True Cost of War

Memorial Day 2018 has come and gone. For most Americans, that long weekend marks the unofficial start of Summer, filled with fireworks, barbecues, and family outings.

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For a much smaller slice of America, Memorial Day has a completely different meaning: it is the day when we remember those who have made the ultimate sacrifice, whether they be family or friends. During a time when no more than 1% of the population serves in our armed forces, the significance of Memorial Day is lost on many people. A smaller percentage of Americans whom actually serve translates to a smaller number of people who count a serviceman or woman as a member of their family, or as a spouse or friend. Not enough Americans have a true appreciation for service and sacrifice.


This holds true for those afflicted with life-threatening medical conditions like cancer or heart disease: we feel terrible for them and their families, and say prayers and send flowers, but we REALLY can’t grasp the gravity of their illness and its effects on their loved ones.


There is one way in which vets and their families share their pain with other Americans: the increase in violence in our schools, and the number of police officers and young people dying during routine traffic stops has increased. It really seems that the flower of our nation is being killed off.


When a young person’s life-whether military or civilian-is cut short, it’s not just their families and friends who suffer and feel a void. 


We as a country, and as a society lose whatever contributions that young person might have accomplished during their lifetime. They could have been a community leader, a firefighter, a police officer, a doctor, college professor, or a scientist. Or a researcher who finds a cure for cancer. But that all ends abruptly, leaving us not knowing what was to come, and how much better they could have made it for us.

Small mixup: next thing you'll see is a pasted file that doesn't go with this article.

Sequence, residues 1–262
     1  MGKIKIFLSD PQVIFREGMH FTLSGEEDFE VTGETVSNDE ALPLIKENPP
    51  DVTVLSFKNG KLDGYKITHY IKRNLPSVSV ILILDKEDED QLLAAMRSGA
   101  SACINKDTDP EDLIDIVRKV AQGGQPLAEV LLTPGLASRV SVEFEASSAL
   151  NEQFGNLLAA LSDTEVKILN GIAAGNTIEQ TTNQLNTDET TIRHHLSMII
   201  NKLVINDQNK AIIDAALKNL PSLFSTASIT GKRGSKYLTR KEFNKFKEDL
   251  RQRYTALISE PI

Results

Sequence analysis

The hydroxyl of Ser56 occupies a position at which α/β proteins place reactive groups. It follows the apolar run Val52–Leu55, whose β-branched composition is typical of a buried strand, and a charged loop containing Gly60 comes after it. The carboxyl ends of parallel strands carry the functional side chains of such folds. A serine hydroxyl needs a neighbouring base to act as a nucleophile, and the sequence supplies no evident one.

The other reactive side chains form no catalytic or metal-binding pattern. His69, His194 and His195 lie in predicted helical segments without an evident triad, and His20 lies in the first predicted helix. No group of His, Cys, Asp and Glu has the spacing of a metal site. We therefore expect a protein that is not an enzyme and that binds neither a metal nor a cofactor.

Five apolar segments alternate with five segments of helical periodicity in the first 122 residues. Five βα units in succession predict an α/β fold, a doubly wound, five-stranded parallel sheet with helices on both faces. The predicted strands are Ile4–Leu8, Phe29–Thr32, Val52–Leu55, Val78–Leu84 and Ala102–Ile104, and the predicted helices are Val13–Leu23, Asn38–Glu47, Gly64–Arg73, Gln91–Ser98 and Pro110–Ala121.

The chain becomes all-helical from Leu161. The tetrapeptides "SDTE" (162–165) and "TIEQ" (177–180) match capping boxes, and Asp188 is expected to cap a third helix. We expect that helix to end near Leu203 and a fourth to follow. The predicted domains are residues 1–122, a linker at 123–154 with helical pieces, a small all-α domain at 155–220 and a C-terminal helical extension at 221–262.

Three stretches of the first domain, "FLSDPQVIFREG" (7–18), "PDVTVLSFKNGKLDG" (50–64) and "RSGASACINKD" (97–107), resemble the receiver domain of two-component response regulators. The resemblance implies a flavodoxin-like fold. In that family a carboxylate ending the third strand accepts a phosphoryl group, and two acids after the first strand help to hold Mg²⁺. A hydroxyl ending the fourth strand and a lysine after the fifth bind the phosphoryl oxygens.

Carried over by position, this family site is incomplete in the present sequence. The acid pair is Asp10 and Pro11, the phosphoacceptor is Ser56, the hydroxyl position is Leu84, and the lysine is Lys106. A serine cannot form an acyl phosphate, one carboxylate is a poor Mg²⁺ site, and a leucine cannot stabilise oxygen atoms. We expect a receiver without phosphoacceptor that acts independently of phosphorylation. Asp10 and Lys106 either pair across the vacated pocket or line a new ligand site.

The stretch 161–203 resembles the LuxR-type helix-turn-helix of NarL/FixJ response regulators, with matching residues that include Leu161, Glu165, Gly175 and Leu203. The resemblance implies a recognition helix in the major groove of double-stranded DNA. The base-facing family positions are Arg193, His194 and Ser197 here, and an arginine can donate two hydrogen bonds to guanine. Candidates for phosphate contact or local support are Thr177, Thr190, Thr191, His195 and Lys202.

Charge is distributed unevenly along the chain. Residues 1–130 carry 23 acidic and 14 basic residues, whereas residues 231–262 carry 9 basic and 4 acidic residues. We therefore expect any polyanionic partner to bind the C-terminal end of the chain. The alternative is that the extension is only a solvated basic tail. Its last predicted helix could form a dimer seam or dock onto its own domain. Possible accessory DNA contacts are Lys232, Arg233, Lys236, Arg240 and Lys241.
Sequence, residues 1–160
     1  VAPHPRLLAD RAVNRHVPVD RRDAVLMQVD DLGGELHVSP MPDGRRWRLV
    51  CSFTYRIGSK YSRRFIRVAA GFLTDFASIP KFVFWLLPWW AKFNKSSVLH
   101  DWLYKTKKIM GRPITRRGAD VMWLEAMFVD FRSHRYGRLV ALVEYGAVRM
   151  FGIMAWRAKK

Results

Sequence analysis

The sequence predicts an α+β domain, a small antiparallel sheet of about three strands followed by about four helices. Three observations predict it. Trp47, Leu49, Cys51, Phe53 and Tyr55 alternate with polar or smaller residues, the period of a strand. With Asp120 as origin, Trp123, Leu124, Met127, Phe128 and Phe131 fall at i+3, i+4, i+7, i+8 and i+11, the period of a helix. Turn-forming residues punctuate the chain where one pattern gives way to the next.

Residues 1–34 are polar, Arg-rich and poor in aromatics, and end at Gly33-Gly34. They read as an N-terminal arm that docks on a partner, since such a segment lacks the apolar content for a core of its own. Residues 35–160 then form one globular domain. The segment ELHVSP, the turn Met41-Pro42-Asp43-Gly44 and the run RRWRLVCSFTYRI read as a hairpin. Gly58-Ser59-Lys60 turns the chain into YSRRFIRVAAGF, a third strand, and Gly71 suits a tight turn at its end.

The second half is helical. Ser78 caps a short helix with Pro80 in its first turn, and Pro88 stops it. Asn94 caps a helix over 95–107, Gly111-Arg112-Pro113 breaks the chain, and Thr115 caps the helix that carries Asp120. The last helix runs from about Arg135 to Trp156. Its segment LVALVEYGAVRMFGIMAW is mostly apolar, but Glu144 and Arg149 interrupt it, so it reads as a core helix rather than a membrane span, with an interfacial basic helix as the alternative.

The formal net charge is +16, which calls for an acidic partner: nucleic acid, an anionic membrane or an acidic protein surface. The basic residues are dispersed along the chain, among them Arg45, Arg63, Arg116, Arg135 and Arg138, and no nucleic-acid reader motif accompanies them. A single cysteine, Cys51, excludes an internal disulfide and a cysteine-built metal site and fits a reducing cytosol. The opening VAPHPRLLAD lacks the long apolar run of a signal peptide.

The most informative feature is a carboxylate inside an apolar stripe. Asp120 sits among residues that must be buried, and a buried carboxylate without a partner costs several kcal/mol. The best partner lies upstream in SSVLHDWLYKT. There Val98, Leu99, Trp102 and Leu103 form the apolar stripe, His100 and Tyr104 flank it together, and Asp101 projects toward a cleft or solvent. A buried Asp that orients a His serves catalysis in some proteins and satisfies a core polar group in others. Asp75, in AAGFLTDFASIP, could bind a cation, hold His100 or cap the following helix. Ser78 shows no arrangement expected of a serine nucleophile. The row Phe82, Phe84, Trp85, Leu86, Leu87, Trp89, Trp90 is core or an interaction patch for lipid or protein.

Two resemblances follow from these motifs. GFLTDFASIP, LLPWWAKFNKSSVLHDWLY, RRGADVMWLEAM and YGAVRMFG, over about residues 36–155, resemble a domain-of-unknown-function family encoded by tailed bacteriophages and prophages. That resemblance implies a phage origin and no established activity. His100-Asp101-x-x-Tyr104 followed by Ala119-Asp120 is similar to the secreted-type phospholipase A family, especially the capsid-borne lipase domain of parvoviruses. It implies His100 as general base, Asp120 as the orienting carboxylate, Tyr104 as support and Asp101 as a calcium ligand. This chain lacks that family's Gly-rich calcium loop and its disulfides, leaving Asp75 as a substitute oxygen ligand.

Those in the armed services know exactly what they are doing when they take that oath and raise their right hands. And they do so willingly. To paraphrase Major General Patrick Brady, himself a recipient of the Congressional Medal of Honor in Vietnam: “Most people will sacrifice, but there’s a bottom line to it. They want something out of it, whether by going without or through their hard work. That’s not true for a soldier. There is potentially no bottom line for sacrifice. Being in the military only increases the potential for their losing everything.” And for their families.


My hope is that more and more Americans will see Memorial Day as more than just a holiday, capping off a fun weekend. We should obviously always be thankful, not just on a day in late May. But this marks a time when we should not think about ourselves, our problems, and our aspirations. We should think about the ultimate gift that’s been given for all of us, and our children’s children.


And so once again, let us acknowledge them, their sacrifice, and their families.


And the promise of what might have been.

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